Nurettin Gölcük bought a block of flats next to the dance temple twelve years ago. The discotheque is the scene of exuberant partying during the weekend, but initially there didn’t seem to be a problem. That is until several walls were demolished to provide more space. That’s when the noise became an issue.
“I’ve been trying to let two flats and the café on the ground floor for years, but with the excessive noise it’s impossible. A while ago I found a tenant, but he left the following day because the noise was intolerable” says Nurettin Gölcük.
Mr Gölcük isn’t the only person with complaints. Before the pandemic a petition collected 65 signatures. “Those that complained were bribed or threatened” says Nurettin Gölcük, who adds he’s been abused since the club’s closure.
Steven Van Belle, who runs the Fuse told the daily De Standaard that he had offered to buy the block of flats. Nurettin Gölcük refused. He says he doesn’t want cash or bribes”.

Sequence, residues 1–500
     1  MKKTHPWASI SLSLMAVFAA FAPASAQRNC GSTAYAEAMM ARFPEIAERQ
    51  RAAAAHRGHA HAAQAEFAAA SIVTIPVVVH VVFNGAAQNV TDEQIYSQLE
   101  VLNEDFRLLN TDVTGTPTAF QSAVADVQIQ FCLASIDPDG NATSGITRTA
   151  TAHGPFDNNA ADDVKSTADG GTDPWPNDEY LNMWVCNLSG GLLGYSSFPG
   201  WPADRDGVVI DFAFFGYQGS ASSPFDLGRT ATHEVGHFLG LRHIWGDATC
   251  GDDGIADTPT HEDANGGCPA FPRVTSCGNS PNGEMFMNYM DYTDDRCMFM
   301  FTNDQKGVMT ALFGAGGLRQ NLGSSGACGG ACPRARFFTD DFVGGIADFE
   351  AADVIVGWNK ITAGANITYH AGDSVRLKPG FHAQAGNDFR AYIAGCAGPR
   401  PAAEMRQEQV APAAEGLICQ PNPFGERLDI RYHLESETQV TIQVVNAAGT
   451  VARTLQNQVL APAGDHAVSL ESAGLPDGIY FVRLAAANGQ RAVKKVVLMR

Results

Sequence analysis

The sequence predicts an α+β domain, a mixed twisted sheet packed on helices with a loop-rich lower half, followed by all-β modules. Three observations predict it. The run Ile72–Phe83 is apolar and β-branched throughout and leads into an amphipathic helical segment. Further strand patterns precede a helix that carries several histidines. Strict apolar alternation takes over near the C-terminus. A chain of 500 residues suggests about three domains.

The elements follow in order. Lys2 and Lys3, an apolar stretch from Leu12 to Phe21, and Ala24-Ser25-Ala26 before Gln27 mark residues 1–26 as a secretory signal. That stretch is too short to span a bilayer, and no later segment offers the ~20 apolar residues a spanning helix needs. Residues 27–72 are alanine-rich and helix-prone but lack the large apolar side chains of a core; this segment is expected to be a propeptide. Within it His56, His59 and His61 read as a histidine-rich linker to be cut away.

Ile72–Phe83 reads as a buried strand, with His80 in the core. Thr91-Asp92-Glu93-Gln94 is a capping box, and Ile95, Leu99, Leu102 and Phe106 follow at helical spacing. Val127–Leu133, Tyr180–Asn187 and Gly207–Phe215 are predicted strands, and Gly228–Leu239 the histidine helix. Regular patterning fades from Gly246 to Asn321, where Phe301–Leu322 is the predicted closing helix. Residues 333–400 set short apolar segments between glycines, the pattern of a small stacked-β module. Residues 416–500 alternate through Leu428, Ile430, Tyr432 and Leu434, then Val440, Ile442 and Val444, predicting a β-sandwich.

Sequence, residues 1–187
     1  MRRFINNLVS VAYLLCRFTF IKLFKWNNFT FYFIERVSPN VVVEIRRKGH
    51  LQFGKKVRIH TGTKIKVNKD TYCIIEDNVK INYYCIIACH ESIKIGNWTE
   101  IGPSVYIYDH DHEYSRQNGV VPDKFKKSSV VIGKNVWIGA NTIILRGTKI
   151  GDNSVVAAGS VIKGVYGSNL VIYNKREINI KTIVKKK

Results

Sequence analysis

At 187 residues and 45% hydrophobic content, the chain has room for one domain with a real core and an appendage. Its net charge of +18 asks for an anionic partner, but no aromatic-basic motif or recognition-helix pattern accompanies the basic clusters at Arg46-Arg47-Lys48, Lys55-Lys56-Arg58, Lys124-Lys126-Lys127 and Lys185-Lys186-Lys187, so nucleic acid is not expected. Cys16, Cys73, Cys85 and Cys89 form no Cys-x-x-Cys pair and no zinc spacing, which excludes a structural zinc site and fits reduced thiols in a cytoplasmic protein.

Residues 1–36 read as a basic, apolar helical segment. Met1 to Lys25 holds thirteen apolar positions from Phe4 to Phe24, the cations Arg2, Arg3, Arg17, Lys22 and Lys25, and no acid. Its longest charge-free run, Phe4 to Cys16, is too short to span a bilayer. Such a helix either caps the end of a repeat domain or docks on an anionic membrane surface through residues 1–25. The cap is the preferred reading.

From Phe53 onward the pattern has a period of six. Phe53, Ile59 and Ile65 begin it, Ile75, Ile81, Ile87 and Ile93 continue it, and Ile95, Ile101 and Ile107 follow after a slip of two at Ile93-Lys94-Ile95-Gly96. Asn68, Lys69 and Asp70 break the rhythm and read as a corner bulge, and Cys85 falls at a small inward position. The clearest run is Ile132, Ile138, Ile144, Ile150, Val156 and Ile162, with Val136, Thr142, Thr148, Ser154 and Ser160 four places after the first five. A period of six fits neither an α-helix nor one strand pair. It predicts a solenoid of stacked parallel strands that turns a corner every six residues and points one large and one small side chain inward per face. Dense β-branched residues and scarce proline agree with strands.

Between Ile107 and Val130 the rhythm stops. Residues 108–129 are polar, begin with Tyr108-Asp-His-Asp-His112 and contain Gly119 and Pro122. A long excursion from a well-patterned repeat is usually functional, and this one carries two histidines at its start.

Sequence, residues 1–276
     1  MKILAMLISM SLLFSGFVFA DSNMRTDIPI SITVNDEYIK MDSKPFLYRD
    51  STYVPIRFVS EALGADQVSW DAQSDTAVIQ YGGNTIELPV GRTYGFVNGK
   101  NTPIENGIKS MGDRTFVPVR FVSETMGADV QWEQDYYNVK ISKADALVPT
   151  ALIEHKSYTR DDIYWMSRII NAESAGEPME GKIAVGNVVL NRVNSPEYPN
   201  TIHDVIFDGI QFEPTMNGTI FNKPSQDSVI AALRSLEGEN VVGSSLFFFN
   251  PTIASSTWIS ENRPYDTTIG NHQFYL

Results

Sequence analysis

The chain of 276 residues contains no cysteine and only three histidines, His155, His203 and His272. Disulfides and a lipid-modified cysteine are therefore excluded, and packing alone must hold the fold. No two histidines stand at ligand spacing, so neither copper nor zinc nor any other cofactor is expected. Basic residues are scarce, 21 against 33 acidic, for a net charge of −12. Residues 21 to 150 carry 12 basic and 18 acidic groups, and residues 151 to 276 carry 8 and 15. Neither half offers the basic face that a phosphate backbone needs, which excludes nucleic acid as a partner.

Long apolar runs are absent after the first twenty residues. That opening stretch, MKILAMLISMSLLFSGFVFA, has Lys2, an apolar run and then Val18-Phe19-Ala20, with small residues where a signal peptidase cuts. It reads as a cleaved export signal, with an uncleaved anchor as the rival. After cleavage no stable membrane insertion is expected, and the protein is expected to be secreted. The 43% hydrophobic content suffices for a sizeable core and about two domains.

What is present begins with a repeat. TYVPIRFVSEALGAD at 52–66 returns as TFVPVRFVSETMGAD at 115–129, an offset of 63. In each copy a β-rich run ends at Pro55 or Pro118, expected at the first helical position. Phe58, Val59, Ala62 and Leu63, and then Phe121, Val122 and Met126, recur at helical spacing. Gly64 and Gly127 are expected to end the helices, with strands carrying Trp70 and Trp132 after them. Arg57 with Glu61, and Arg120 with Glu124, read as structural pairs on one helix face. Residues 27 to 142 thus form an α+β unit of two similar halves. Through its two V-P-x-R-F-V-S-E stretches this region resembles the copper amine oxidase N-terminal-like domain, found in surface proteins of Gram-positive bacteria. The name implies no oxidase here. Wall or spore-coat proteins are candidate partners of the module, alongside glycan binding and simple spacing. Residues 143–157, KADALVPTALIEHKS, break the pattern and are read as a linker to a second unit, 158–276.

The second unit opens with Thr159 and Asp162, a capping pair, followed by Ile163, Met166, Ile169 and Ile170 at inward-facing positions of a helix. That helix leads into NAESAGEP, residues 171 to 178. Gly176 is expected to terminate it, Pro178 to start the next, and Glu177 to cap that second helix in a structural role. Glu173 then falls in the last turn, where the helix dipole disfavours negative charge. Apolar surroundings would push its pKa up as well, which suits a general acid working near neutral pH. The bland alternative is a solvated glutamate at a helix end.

The matter then ended up with the Brussels environment department. It ruled in Nurettin Gölcük’s favour and imposed conditions. Sound levels at Fuse shouldn’t exceed 95 decibels and the club must close at 2AM. Fuse couldn’t meet these conditions just like that and decided to close temporarily.
“The closure isn’t my fault” says Nurettin Gölcük. “It’s a decision from the Brussels environment department, but that’s what’s circulating on social media: ‘Fuse has to close due to neighbour’. My family and I have repeatedly been threatened and abused. Somebody even threw a stone through my window”.
Nurettin Gölcük says the Fuse’s walls aren’t insulated. He wants that to change because that can cut noise by 50%. The neighbour has worked in construction and is quite prepared to carry out the work himself. “They say it’s a waste of money and won’t buy the materials” he says.
The Fuse’s neighbour also wants the discotheque to comply with the laws to make living in the vicinity more pleasant for its neighbours: “It’s always louder than the permitted 95 decibels. The club doesn’t stick to other laws either” says Nurettin Gölcük. “They are really not supposed to use the first and second floors because of fire safety regulations”.
The Brussels city cabinet is looking into the matter. If it annuls the Brussels environment department’s decision, then Nurettin Gölcük will consider other steps. “I will head for the council of state (Belgium’s highest administrative court). There are also children living here. It has to be viable for everybody” he says.